Once we understand this we don’t try to reinvent the wheel! We glean from His life and we ask Him for guidance on how to live one reflective of the very ones He died for. Jesus did not die for us to live in bondage to our sins and enslave others who are trying themselves not to do so. In fact I am sure many of us know the very familiar passage of scripture that tells us exactly what He came for; “The thief comes only to steal and kill and destroy; I have come that they may have life; and have it to the full (John 10:10).” We can tap into that full life He intended for us by using His principles and striving to be more like Him daily. I don’t care how much of a role model a certain Christian may be, even the greatest bible character, no mere mortal can be our standard. So what standards do we see from Jesus in the Word?
- How to overcome and respond temptation– Jesus was tempted by the devil after He had just spent 40 days and 40 nights in the wilderness without any food. When the enemy tried to entice Jesus to go against His father and worship him, Jesus responded with scripture and the devil left Him. Some of us may be thinking well He’s Jesus and He’s perfect so of course He can overcome temptation but it’s harder for me. ” We are reminded through His life that “we do not have a high priest who is unable to empathize with our weaknesses, but we have one who has been tempted in every way, just as we are- yet he did not sin (Hebrews 4:15).” Furthermore 1 Corinthians 10:13 tells us “No temptation has overtaken you except what is common to mankind. And God is faithful; he will not let you be tempted beyond what you can bear. But when you are tempted, he will also provide a way out so that you can endure it.” How do we get help from God to overcome this temptation? Simple, Jesus reminds us “Pray that you will not fall into temptation (Luke 22:40b). Prayer is the key!
- How to pray and maintain an intimate relationship with our Father: Obviously Jesus teaches us all how to pray by outlining the Lord’s Prayer in Matthew 6:9-13. Additionally Jesus gave us examples through his consistent quiet time with His Father. Jesus understood the importance of breaking away from crowd, your job, family, thoughts, what have you, and just spending precious time in the presence of the Lord. We see Jesus do this very thing in Luke 5:15-16, “Yet the news about him spread all the more, so that crowds of people came to hear him and to be healed of their sicknesses. But Jesus often withdrew to lonely places and prayed.” Matthew 14:23 tells us “After he had dismissed them, he went up on a mountainside by himself to pray. Later that night, he was there alone.” In Matthew 26:36 we see “Then Jesus went with his disciples to a place called Gethsemane, and he said to them, “Sit here while I go over there and pray.” Then in yet another verse we see Jesus instruct the disciples and now He is doing the same for us “But when you pray, go into your inner room, shut your door, and pray to your Father, who is unseen. And your Father, who sees what is done in secret, will reward you (Matthew 6:6).”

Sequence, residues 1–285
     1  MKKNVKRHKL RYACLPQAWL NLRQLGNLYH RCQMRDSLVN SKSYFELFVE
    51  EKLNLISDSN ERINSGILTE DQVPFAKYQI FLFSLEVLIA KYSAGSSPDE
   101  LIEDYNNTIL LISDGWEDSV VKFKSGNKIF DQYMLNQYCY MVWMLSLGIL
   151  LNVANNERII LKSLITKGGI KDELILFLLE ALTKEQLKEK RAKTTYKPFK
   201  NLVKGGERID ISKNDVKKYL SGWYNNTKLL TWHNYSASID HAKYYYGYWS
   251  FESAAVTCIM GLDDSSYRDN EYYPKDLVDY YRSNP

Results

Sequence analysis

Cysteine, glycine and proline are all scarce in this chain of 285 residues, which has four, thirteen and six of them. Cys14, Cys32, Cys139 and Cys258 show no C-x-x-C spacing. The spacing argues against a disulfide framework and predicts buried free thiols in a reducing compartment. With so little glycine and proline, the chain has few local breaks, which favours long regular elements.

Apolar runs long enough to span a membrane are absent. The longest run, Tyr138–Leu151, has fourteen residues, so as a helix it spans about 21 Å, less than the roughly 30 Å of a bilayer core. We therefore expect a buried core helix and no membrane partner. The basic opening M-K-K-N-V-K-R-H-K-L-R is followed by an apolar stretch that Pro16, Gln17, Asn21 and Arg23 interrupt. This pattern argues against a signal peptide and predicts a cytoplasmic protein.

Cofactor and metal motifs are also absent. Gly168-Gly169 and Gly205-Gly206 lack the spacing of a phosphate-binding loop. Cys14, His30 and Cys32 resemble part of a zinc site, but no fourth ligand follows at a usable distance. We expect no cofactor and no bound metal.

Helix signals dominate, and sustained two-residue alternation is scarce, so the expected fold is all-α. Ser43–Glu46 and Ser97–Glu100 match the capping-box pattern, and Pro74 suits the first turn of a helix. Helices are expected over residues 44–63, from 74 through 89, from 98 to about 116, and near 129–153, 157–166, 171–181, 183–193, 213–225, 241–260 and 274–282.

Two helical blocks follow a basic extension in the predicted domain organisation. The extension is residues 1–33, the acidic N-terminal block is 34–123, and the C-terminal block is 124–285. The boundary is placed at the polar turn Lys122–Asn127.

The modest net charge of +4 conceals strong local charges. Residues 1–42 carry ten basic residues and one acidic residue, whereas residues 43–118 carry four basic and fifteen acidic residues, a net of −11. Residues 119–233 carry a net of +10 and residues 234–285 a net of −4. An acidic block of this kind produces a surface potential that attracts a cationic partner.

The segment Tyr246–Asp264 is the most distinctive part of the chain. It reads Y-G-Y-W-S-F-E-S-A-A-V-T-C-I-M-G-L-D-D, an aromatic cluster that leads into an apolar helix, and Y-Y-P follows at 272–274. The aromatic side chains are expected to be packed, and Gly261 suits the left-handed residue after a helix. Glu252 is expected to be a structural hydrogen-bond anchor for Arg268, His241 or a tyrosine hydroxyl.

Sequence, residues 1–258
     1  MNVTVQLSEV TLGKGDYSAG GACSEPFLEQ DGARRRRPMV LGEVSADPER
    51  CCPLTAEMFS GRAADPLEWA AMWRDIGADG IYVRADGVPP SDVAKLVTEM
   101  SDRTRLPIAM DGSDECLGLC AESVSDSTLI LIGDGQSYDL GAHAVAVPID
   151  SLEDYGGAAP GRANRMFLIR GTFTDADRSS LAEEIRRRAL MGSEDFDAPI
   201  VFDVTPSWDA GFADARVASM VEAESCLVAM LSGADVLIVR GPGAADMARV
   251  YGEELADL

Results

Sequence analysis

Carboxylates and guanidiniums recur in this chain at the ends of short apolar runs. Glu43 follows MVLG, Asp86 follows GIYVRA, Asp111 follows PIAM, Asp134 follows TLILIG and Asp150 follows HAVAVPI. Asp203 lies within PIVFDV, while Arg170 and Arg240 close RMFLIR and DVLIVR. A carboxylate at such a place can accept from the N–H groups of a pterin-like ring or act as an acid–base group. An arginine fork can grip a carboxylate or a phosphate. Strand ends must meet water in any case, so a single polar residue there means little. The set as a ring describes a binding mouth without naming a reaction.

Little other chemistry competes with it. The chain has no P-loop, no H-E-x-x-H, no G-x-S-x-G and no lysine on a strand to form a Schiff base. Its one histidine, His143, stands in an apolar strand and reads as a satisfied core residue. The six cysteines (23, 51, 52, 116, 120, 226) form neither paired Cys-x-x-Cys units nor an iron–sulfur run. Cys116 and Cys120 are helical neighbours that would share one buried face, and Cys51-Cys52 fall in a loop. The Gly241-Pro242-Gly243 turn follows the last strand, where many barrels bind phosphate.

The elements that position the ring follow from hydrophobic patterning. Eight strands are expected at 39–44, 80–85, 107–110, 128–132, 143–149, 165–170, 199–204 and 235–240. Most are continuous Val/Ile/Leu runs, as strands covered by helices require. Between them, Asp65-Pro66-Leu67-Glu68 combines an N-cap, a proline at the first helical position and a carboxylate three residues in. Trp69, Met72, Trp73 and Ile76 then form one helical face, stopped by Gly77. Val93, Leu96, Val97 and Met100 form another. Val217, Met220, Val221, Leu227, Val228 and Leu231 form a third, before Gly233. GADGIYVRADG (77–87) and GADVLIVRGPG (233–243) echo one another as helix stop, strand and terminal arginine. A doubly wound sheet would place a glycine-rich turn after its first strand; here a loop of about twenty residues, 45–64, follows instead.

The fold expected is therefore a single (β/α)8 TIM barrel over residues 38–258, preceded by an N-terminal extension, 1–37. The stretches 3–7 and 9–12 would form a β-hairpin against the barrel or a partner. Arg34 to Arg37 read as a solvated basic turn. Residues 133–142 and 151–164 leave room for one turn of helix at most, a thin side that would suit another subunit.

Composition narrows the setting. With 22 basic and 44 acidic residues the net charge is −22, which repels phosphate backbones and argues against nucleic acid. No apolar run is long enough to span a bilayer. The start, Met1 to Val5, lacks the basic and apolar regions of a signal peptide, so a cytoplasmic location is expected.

- How to treat and love others– Jesus left us with multiple commands on how to love one another. John 13:34-35 “A new command I give you: Love one another. As I have loved you, so you must love one another. By this everyone will know that you are my disciples, if you love one another.” In another passage Jesus says, “So in everything, do to others what you would have them do to you, for this sums up the Law and the Prophets (Matthew 7:12).”
Keep Striving Until He Returns
There should never be a time where we settle for where we are right now in our faith. I do not care if you are a giant in the body of Christ and are anointed for such a time as this, you still have more to do, a higher level to achieve in your relationship with God, more to learn, and more to share with others. Paul is one of the greatest characters in the Word and even he had to confess, “Brothers and sisters, I do not consider myself yet to have taken hold of it. But one thing I do: Forgetting what is behind and staining toward what is ahead, I press on toward the goal to win the prize for which God has called me heavenward in Christ Jesus (Philippians 3:13-14). Not only must we be realistic with our own personal journeys, we must love one another and encourage others to be all they can be in Christ. There is no division in the body of Christ. We are one and all being changed and made over by God daily. 12:1b-2 is what our hearts posture should be; “And let us run with perseverance the race marked out for us, fixing our eyes on Jesus, the pioneer and perfecter of faith. For the joy set before him he endured the cross, scorning its shame, and sat down at the right hand of the throne of God.
Until next time, whatever you do, do it ALL for the glory of God.